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Jan 16, 2009
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A couple thoughts .... I can move this if needed.

2017 shows no events but would not May 16th 2017 – Mc Lean to Elk City count? There were 36 total tornadoes that day.

Note that May 7th 2016 Wray there were more than one tornado ...there was one by Eckley then two just south of Wray.
 

Jeff Duda

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A couple thoughts .... I can move this if needed.

2017 shows no events but would not May 16th 2017 – Mc Lean to Elk City count? There were 36 total tornadoes that day.

Note that May 7th 2016 Wray there were more than one tornado ...there was one by Eckley then two just south of Wray.
NCDC only shows 18 tornadoes between KS, TX, and OK, only a handful being EF2s and one EF3 in Kansas. I don't recall many of those tornadoes being particularly photogenic. So idk if that is really worthy of a "event of the decade" type event.

And if anyone has pictures of the other tornadoes to post or link to so that a closer look can be made at this event, then please post them and justify your case for adding that.
 
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I think we were lucky this decade to see some amazing storms ... here are my top ones in each category.

Meteorological significance:
2013-05-31 El Reno (size along with turn to the NE with speed increasing)

Chase quality:
2016-05-24 Dodge City (When people forget how many tornadoes they saw it’s a great day)

Human impact:
2011-05-22 Joplin (158 deaths with 1150 injured and 2.8 billion in damages from ONE tornado)
 

Mark Blue

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Chase Quality: 5/22/10 Bowdle. A classic supercell in a flat region that was moving slowly for quite some time. 6/16/10 Dupree. Fits the same scenario as Bowdle but this one was stationary. It’s hard to beat big, fat, wedge tornadoes in SD. When you can just sit and film it makes for much better footage that isn’t shaky or shot from the car window.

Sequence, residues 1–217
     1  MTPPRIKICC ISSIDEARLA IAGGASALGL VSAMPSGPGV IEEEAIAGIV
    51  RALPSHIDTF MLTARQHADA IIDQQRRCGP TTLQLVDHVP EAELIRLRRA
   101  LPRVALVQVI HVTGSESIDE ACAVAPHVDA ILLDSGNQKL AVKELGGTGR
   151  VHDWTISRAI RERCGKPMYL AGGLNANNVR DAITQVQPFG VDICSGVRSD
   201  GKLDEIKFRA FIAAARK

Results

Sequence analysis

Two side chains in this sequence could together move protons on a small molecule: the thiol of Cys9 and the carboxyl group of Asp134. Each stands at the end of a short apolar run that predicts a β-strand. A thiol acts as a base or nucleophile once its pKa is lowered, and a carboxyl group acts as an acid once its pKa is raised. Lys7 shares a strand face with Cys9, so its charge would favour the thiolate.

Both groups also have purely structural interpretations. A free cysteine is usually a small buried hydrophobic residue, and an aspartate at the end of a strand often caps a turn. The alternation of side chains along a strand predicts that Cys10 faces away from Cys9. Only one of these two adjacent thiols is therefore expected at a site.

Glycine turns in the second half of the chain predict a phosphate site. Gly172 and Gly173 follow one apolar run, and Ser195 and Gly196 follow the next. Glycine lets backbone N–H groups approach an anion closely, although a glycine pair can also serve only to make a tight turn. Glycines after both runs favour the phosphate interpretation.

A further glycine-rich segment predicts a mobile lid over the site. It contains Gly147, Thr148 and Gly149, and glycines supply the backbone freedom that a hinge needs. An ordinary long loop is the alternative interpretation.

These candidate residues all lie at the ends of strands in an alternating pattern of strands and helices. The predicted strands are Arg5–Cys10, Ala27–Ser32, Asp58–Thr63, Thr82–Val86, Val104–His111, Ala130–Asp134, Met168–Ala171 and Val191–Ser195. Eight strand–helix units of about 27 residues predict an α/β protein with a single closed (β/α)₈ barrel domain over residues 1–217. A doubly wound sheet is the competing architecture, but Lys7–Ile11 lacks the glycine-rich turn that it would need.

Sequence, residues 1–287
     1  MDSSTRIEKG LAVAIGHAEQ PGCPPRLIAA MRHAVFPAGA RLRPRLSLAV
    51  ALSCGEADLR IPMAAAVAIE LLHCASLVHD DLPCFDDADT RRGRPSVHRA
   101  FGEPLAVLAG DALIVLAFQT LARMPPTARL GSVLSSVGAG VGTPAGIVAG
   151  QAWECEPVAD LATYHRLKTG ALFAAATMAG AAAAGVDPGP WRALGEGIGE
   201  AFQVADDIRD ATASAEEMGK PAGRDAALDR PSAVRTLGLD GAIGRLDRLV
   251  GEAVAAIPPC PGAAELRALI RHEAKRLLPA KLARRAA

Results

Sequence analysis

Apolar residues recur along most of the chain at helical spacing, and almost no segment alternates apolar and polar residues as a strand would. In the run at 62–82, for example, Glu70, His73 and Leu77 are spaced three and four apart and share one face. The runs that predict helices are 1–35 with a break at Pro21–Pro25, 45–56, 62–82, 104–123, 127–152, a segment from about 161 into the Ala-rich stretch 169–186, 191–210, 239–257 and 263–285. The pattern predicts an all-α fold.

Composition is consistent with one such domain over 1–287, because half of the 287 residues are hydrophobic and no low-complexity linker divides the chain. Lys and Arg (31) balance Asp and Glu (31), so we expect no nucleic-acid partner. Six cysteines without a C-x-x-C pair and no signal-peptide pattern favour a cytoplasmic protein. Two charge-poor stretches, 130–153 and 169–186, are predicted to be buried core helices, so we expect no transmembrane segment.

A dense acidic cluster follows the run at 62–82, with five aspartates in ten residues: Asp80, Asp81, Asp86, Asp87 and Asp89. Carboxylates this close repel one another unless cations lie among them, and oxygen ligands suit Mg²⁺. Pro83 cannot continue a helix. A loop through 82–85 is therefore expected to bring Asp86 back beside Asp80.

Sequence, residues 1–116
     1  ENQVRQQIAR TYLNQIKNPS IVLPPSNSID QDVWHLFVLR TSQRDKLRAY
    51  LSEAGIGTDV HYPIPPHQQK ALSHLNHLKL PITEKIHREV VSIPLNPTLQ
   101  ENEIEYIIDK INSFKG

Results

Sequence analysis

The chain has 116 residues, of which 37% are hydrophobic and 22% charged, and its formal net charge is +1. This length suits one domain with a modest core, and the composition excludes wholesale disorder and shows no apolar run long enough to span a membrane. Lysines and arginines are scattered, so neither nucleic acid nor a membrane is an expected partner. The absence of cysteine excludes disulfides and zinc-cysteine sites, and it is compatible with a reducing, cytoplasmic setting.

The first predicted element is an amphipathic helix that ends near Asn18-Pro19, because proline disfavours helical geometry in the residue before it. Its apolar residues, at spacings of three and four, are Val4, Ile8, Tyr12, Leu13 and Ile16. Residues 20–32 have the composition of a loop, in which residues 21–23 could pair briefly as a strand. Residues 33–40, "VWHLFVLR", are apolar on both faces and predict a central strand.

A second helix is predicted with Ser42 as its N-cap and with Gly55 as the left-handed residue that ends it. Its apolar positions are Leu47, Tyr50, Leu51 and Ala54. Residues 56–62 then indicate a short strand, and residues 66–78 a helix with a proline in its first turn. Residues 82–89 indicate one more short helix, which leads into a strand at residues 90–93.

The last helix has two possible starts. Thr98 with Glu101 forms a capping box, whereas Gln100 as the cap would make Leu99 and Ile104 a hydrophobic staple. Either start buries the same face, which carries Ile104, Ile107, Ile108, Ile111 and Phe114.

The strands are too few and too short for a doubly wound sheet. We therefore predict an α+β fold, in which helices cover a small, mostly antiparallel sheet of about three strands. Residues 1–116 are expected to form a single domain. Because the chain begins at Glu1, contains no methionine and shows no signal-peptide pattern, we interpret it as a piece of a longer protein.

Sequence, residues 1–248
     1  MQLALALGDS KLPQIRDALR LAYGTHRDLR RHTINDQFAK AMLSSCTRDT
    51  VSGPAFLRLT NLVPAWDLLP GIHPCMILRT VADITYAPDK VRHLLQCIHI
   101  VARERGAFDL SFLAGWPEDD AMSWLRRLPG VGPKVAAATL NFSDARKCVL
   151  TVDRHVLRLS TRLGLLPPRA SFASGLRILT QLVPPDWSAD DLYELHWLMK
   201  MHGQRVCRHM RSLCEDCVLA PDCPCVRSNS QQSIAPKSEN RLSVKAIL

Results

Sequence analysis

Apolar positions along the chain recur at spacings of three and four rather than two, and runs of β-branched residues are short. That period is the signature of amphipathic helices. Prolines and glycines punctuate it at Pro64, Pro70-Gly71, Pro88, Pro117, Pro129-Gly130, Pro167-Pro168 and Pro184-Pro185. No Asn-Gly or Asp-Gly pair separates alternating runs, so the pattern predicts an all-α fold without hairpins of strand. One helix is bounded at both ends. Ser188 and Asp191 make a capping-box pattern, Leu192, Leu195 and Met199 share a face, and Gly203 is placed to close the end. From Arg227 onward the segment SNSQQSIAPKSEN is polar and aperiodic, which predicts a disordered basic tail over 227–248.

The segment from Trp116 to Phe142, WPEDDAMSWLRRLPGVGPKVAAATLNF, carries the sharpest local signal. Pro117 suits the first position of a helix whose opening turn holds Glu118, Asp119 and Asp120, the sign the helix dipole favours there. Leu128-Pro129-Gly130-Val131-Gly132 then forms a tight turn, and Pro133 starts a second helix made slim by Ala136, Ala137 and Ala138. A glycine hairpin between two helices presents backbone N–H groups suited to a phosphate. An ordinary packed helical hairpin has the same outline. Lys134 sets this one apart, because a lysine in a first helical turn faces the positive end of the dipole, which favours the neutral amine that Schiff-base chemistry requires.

Meteorological Significance: 5/24/11 I-35 Threesome. I believe others in this category such as El Reno (5/31/13) are hard to beat, but having experienced May 24th firsthand burned an indelible experience into my mind that I’ll never forget. There is something about these High Risk OK events that are scary and head and shoulders above all others. The sky turned shades of green I’ve never seen before as the 3 supercellular complexes moved in unison that night.

Human Impact: 5/22/11 Joplin. It’s hard to argue against an F5 that hit Joplin head on and shredded it like it was a paper city. 5/31/13 El Reno also changed the chaser community because of the deaths and very close calls others had with this huge supercell. Younger chasers take heed. These OK monsters are not to be taken lightly. They mean business once they reach maturity and it’s best to keep a safe distance above all else.
 
Chase quality: Campo, May 31, 2010. The perfect chase - open terrain, very slow motion, all aspects of severe encountered, topped off by one of the most photogenenic tornadoes of all time.

Meteorological significance: Although El Reno rings hard in my head (having, like many others, been there and being too near at some point), I have to go with April 27, 2011...the 'perfect' ingredients, at the high end of the CAPE/Shear diagram, was an extremely rare set-up.

Human impact: Again, El Reno is deep in my mind, as is Joplin (for a single tornado, this must be the top), overall I think April 27, 2011 tops it for me (a dubious accolade, of course, in this category). The sheer number of folk impacted, and also who were at risk on this historic day, means I think it is the top.
 

Wes George

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Moderator note: This event was added to the list in the OP

I agree with all of the submissions, but I'm a bit surprised the November 17th 2013 outbreak isn't mentioned. It's meteorological significance is great due to being a very large off season outbreak for the Midwest, particularly Illinois and Indiana. The outbreak is responsible for the Washington IL EF4 and the New Minden IL EF4. The Washington EF4 was noteworthy not only for it's strength and location for the time of year, but it was well documented not just by chasers and spotters, but by numerous residents as the tornado passed through and very near the Peoria suburbs, making the human impact near the top of the charts, with 121 injuries, and 3 fatalities. The high end EF4 featured an impressive radar signature with a debris ball. The supercell dumped debris from the Peoria suburbs onto the Chicago suburbs, over 100 miles away. The Nov 13th outbreak featured a rare High Risk outlook issuance from the SPC, as well as a PDS Tornado watch. These facts are once again particularly noteworthy given the location and time of year. The outbreak also featured numerous instances of straight line winds measuring over 100Mph, and 4" hail in parts of central IL. The outbreak caused nearly 200 injuries, 11 fatalities, and approximately $1.6 billion in damage with the Washington EF4 alone being responsible for approximately $1 billion of that total. SPC_Storm_Reports_17_Nov_2013.png November_17,_2013_High_Risk.gif